There are plenty of commercial campgrounds that can provide the ‘Disney’ experience and can choose to provide the full ‘entertainment’ experience for those campers who want swimming pools, water slides, horseback riding, craft programs, etc.

DPHooper

already said, perfect idea …
“It would controversial to propose bringing back some form of WPA (Works Progress Administration) or CCC (Civilian Conservation Corp). But from my point of view paying a decent wage to people who want or need work could improve our public lands makes more sense than letting them fall into complete and utter disrepair. Another spin off would be those who work in a new version of WPA or CCC would learn valuable skills.”

Donald Wall

The management of the Laurel River Lake in southern Kentucky has already turned the management of the parks over to a commercial company. There are two boat-in campsites on the lake and the one night rates have more than doubled, the sites are not well maintained, and no one uses them. In addition, on the “double sites” (with two tent sites), they commercial management does not recognize the Senior Pass sold by the Daniel Boone National Forest. The same will happen if the other camp grounds are turned over to commercial management.

Dave

This committee was just the first step in the effort to privatize the national parks. The National Parks are perhaps the only real “jewel” in this country. Every time I have been to a park I have been impressed with the operation and the dedication of the park service staff. Of course if something is running well there are certain politicians who think (wrongly) that it could be better if it were run by private business.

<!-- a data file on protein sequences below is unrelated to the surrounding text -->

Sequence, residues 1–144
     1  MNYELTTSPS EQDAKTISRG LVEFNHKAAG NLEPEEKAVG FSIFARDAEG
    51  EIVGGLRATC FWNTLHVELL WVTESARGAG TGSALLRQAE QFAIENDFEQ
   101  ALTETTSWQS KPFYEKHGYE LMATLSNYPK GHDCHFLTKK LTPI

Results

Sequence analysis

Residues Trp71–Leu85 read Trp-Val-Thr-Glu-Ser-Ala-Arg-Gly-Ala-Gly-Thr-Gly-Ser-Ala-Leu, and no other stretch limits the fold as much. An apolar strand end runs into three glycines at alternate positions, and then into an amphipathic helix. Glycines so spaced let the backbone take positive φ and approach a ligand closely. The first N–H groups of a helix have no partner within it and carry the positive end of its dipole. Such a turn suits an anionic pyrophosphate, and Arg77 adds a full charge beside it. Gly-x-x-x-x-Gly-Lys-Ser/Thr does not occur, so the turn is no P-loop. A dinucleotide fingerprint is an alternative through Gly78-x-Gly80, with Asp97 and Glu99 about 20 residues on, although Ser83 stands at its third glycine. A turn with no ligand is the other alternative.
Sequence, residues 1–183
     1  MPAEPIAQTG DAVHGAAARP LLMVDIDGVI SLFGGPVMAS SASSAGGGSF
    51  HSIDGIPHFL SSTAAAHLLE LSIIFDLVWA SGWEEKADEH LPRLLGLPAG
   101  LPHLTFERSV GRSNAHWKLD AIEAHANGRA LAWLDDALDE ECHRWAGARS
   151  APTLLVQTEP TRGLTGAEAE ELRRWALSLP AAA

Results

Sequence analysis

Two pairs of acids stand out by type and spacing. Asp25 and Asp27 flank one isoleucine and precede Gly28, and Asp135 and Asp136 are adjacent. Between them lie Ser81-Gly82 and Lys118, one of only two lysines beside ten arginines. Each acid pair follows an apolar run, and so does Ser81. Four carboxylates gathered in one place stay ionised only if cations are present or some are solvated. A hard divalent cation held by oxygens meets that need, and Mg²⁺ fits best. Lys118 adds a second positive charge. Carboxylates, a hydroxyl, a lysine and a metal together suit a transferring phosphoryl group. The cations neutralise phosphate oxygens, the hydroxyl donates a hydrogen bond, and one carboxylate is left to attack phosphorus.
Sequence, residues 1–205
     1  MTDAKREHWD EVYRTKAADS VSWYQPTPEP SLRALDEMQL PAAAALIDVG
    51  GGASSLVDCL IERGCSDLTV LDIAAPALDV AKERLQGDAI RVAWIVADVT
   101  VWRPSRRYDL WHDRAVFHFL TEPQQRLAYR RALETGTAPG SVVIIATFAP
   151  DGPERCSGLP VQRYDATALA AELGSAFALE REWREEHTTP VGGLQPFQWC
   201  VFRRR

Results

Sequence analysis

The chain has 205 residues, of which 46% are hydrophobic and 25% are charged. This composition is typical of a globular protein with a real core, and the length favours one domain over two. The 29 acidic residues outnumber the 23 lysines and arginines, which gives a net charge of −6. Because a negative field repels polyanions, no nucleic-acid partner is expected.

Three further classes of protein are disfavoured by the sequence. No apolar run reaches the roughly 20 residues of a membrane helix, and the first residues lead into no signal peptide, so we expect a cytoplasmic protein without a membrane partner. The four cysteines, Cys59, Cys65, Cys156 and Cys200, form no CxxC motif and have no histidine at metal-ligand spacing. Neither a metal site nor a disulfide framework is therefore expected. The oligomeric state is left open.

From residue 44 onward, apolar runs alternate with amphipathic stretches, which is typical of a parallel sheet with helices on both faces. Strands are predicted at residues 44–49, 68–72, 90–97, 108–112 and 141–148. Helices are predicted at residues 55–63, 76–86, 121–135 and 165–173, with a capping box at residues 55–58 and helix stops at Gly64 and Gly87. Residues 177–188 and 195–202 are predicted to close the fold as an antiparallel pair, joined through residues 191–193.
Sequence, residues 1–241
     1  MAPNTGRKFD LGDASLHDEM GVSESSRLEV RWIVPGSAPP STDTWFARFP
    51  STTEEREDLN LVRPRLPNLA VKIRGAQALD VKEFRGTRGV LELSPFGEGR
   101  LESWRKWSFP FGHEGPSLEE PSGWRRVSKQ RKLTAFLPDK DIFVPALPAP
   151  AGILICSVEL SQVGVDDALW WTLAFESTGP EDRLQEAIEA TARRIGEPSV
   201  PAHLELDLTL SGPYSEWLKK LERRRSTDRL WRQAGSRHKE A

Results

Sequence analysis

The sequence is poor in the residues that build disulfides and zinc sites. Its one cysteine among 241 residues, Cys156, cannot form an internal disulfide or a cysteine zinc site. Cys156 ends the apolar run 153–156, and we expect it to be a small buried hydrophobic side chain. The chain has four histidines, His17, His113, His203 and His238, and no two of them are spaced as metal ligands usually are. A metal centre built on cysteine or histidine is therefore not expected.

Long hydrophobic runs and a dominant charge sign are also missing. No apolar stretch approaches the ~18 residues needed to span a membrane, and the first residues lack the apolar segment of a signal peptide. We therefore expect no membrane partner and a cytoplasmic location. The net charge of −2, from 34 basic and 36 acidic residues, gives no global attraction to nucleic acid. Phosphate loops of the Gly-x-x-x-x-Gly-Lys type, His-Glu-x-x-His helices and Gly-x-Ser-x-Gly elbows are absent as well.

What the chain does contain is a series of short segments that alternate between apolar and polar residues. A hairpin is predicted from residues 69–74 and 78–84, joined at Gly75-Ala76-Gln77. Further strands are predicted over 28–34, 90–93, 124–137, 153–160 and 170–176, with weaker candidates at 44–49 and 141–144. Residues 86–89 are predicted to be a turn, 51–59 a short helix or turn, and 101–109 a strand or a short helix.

Marc LeBlanc

The NPS need look no further than our neighbor to the north. Canada has national park campgrounds with large sites, showers and excellent service, all run by the park service. We do not want a KOA experience in our national parks. If you must have those perks, stay in private parks.

Frank

Raise additional revenue to support the NPS with a SURCHARGE on ANY non-US citizen visiting a park. They don’t pay taxes to support our NPS, so get the money from them with a BIG surcharge on park admission, camping fees, etc.

Charles

The committee failed? Go figure. How that committee was ever to succeed was a mystery to me.

First, funding for all of these endeavors was and is not there. Second, the NPS cannot even keep up with repairs on crumbling infrastructure. Corp Of Engineers Parks are even in worse condition.

Volunteerism seems to be the only answer but who pays the bill for materials to do repairs. Who pays for improvements? Raising gate fee’s or day use fee’s is not the total answer. Yet, that is what we are seeing in most of the more popular NPS parks. What’s happening to that money? Only the biggest and most popular NPS Parks seen to be benefiting.

It would controversial to propose bringing back some form of WPA (Works Progress Administration) or CCC (Civilian Conservation Corp). But from my point of view paying a decent wage to people who want or need work could improve our public lands makes more sense than letting them fall into complete and utter disrepair. Another spin off would be those who work in a new version of WPA or CCC would learn valuable skills.

Yep, another thing that won’t happen.